The Leadership Metaphor Explorer cards were enthusiastically received. There was absolutely no hesitancy to get involved. The differences in first impressions of the images led to both laughter and focused listening to one another. Participants easily collaborated, and I witnessed better brainstorming technique during these discussions than had been accomplished during an earlier brainstorm practice. Importantly, the LME experience also heightened the awareness of how perspectives differ when viewing the same image (or situation), what can be learned through effective sharing of the perspectives as well as the dialog skills and time required to share the perspectives.

My wish list:
1. More time:
a. To allow familiarization with the deck and avoid pre-selection
b. To allow for more discussion and collaborative work with these images. For example, one member at a table selected “A Polarity of Opposites” as an enabling card. A colleague challenged him that there was a wall separating the two sides from each other. A third participant at the table immediately pointed out that it looked like the wall was crumbling, while the fourth admitted that he had not even seen the wall in the image because he was focused on the meaning of the color vs. black and white difference. They were well on their way to a rich conversation when time ran out.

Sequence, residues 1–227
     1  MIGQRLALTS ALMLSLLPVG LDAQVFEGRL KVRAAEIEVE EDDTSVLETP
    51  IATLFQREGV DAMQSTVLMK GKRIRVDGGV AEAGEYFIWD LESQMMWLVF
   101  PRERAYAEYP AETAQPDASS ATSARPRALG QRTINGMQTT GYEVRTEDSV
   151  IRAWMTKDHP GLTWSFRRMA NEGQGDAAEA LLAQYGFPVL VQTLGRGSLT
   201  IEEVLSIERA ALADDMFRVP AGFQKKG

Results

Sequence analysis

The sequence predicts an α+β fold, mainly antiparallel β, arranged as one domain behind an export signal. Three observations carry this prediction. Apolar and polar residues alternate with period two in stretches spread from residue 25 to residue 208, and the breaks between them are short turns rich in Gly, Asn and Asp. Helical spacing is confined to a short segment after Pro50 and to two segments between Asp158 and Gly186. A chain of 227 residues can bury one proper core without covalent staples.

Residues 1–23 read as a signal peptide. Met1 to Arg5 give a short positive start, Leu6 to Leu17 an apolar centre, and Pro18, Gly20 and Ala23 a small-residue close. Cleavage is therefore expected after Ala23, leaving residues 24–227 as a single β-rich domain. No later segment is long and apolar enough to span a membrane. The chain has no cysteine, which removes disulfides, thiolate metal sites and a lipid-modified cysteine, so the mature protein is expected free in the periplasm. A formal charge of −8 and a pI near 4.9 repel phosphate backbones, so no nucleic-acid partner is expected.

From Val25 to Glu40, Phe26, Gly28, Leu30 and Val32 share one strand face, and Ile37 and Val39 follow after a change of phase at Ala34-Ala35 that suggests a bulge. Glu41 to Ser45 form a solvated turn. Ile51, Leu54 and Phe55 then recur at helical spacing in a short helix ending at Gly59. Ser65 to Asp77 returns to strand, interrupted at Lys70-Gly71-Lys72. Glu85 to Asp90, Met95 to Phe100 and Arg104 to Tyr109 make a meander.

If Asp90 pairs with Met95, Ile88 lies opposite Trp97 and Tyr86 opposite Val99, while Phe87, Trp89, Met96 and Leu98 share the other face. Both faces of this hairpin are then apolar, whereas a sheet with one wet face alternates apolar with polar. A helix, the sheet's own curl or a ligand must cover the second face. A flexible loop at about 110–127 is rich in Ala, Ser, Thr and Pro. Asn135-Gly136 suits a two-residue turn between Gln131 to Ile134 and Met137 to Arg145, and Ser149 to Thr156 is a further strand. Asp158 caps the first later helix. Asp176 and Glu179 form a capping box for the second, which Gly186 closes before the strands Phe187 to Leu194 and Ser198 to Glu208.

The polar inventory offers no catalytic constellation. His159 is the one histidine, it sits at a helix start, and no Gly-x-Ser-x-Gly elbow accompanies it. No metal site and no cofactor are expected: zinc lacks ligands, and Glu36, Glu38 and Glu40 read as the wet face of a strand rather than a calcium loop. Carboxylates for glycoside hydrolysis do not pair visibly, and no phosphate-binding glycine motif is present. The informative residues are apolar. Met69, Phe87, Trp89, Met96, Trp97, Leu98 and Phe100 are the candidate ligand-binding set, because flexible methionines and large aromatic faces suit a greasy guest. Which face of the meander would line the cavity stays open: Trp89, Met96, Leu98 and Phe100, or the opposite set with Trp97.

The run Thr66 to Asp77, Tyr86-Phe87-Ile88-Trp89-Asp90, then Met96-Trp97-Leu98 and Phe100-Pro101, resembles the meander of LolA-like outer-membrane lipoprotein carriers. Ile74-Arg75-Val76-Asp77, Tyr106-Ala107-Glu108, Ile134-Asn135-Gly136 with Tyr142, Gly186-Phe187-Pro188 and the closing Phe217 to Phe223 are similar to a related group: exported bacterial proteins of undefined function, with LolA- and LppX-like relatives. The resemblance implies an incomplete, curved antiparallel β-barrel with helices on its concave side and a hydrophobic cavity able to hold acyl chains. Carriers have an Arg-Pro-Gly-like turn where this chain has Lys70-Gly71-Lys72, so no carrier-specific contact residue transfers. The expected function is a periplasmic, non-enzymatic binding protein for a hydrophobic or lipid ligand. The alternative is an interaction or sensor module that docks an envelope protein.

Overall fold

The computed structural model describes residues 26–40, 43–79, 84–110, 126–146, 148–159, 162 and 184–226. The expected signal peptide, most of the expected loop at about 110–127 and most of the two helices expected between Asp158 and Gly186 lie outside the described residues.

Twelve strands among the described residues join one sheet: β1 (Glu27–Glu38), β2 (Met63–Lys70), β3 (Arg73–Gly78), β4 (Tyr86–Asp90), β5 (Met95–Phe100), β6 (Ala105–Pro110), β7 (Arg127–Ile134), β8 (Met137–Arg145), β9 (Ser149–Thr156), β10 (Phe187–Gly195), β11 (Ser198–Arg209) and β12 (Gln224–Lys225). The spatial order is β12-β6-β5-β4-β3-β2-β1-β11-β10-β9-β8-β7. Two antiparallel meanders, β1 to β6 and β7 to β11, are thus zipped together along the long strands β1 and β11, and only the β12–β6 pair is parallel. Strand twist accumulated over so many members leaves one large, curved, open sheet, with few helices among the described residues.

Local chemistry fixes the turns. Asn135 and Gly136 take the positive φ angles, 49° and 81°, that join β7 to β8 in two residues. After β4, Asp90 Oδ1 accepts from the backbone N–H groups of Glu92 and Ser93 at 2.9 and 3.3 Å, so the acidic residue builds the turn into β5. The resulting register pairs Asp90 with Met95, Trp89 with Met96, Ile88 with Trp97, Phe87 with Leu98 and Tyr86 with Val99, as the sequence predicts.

2. A deck without captions. To some degree, I feel as if the captions set boundaries on the messages of the images.

Thank you for the early use of these cards. The LME is a wonderful tool that lends itself to a wide range of leadership, cultural and community-building explorations at an individual or group level. I also think they can be a valuable reflection and discussion tool for leadership coaches, and look forward to working with the LME in that capacity soon.

About Charles J. Palus & David Magellan Horth

Charles J. Palus & David Magellan Horth are Senior Fellows at the Center for Creative Leadership. Many thanks to Steadman Harrison III, CEO of GO Innovation.com, and Senior Associate for the Center for Creative Leadership.